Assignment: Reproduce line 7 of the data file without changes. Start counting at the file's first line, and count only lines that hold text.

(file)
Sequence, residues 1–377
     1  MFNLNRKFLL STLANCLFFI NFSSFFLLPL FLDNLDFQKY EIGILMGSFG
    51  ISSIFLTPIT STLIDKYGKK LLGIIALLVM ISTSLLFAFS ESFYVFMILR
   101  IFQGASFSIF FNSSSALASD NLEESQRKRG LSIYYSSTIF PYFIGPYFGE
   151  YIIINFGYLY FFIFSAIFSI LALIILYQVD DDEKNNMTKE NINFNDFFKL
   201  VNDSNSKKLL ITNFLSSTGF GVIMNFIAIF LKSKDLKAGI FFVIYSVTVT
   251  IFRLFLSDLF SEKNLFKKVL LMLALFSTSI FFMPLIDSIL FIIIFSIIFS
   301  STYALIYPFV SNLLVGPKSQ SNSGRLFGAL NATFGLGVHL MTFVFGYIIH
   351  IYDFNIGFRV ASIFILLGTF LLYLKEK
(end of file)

   251  IFRLFLSDLF SEKNLFKKVL LMLALFSTSI FFMPLIDSIL FIIIFSIIFS